The composition, Elegy for the Arctic, was inspired by eight million voices from around the world calling for Arctic protection. The Greenpeace ship the Arctic Sunrise carried Einaudi, the grand piano, and eight million voices to Svalbard. Greenpeace was urging the OSPAR Commission that meets that week in Tenerife, not to miss the opportunity to protect international Arctic waters under its mandate. Find out more here.
Sudhanshu Malhotra is the multimedia editor for Greenpeace East Asia.
Sweden's reindeer have a problem. In winter, they feed on lichens buried beneath the snow. But the climate crisis is making this difficult. Warmer temperatures mean moisture sometimes falls as rain instead of snow. When the air refreezes, a layer of ice forms between the reindeer and their meal, forcing them to wander further in search of ideal conditions. And sometimes, this means crossing busy roads.
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By Aaron W Hunter
A chance discovery of a beautifully preserved fossil in the desert landscape of Morocco has solved one of the great mysteries of biology and paleontology: how starfish evolved their arms.
The Pompeii of palaeontology. Aaron Hunter, Author provided<h2></h2><p>Although starfish might appear very robust animals, they are typically made up of lots of hard parts attached by ligaments and soft tissue which, upon death, quickly degrade. This means we rely on places like the Fezouata formations to provide snapshots of their evolution.</p><p>The starfish fossil record is patchy, especially at the critical time when many of these animal groups first appeared. Sorting out how each of the various types of ancient starfish relate to each other is like putting a puzzle together when many of the parts are missing.</p><h2>The Oldest Starfish</h2><p><em><a href="https://www.biorxiv.org/content/10.1101/216101v1.full.pdf" target="_blank" rel="noopener noreferrer">Cantabrigiaster</a></em> is the most primitive starfish-like animal to be discovered in the fossil record. It was discovered in 2003, but it has taken over 17 years to work out its true significance.</p><p>What makes <em>Cantabrigiaster</em> unique is that it lacks almost all the characteristics we find in brittle stars and starfish.</p><p>Starfish and brittle stars belong to the family Asterozoa. Their ancestors, the Somasteroids were especially fragile - before <em>Cantabrigiaster</em> we only had a handful of specimens. The celebrated Moroccan paleontologist Mohamed <a href="https://doi.org/10.1016/j.palaeo.2016.06.041" target="_blank" rel="noopener noreferrer">Ben Moula</a> and his local team was instrumental in discovering <a href="https://www.sciencedirect.com/science/article/abs/pii/S0031018216302334?via%3Dihub" target="_blank" rel="noopener noreferrer">these amazing fossils</a> near the town of Zagora, in Morocco.</p><h2>The Breakthrough</h2><p>Our breakthrough moment came when I compared the arms of <em>Cantabrigiaster</em> with those of modern sea lilles, filter feeders with long feathery arms that tend to be attached to the sea floor by a stem or stalk.</p><p>The striking similarity between these modern filter feeders and the ancient starfish led our team from the University of Cambridge and Harvard University to create a new analysis. We applied a biological model to the features of all the current early Asterozoa fossils in existence, along with a sample of their closest relatives.</p>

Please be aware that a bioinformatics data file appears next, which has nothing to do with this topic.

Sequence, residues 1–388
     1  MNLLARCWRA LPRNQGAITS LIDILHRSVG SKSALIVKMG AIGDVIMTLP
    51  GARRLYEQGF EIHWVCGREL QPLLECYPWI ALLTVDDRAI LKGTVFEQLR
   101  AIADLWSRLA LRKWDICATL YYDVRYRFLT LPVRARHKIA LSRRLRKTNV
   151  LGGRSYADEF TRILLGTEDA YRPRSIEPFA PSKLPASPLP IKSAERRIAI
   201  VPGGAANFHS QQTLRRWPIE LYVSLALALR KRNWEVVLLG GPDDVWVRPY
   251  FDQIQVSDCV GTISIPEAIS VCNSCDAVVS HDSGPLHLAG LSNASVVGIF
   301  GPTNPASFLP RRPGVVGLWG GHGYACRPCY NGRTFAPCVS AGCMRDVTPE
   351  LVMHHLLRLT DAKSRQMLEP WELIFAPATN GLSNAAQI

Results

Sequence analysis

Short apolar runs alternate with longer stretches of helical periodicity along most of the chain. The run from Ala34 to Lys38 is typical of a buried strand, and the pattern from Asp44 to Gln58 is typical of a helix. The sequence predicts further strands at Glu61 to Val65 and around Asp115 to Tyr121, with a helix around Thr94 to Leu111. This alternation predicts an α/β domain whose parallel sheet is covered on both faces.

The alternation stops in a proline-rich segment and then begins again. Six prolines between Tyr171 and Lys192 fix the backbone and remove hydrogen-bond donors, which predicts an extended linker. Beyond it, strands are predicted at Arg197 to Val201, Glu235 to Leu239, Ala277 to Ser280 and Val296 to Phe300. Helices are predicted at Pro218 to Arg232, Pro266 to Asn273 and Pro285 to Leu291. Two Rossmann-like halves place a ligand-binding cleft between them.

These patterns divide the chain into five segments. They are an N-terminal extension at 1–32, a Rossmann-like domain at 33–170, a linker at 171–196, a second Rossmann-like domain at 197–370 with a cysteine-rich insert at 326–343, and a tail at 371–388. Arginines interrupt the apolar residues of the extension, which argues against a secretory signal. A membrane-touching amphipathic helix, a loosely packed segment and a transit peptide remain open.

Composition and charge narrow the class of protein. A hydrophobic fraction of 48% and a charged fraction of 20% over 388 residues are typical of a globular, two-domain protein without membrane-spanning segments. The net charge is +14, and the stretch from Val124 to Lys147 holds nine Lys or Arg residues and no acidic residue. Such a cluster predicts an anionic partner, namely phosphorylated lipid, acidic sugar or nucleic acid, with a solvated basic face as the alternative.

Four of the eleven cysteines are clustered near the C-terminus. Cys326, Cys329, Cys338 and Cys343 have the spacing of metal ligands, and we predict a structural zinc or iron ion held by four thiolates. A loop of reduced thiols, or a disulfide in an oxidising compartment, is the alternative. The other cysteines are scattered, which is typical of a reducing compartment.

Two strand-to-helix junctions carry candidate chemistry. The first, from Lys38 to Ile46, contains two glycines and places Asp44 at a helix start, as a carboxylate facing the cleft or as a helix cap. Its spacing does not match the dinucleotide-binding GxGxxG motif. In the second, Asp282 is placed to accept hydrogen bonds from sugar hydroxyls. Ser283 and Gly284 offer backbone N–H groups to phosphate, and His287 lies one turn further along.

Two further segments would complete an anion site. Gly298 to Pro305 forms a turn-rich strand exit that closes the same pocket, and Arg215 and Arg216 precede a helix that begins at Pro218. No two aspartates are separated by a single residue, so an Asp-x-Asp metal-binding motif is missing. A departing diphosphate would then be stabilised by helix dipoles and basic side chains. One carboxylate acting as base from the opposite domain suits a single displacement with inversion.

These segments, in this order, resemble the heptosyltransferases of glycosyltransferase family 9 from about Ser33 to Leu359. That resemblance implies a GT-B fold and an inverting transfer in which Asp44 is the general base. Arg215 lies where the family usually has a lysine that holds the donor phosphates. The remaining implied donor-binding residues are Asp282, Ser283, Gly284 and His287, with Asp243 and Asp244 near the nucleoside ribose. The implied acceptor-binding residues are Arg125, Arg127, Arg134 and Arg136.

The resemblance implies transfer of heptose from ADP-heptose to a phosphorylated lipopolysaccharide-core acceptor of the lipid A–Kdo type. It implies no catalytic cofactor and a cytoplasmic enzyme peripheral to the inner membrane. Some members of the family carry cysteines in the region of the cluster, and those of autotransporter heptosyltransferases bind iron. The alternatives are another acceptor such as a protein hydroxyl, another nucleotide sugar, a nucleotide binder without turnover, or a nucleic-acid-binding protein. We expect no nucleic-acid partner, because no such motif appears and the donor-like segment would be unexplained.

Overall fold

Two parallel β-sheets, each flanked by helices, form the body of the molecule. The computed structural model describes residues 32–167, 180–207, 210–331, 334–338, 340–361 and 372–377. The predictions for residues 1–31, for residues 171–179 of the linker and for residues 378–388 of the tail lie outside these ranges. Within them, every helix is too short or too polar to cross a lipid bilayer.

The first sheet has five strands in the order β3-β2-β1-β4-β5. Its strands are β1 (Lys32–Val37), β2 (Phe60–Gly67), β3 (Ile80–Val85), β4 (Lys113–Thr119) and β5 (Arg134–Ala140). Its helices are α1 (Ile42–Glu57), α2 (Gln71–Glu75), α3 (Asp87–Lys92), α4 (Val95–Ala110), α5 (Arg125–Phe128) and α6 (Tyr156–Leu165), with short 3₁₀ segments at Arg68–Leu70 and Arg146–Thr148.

Cantabrigiaster is the most primitive starfish-like animal to be discovered in the fossil record. Aaron Hunter, Author provided<p>Our results demonstrate <em>Cantabrigiaster</em> is the most primitive of all the Asterozoa, and most likely evolved from ancient animals called crinoids that lived 250 million years before dinosaurs. The five arms of starfish are a relic left over from these ancestors. In the case of <em>Cantabrigiaster</em>, and its starfish descendants, it evolved by flipping upside-down so its arms are face down on the sediment to feed.</p><p>Although we sampled a relatively small numbers of those ancestors, one of the unexpected outcomes was it provided an idea of how they could be related to each other. Paleontologists studying echinoderms are often lost in detail as all the different groups are so radically different from each other, so it is hard to tell which evolved first.</p>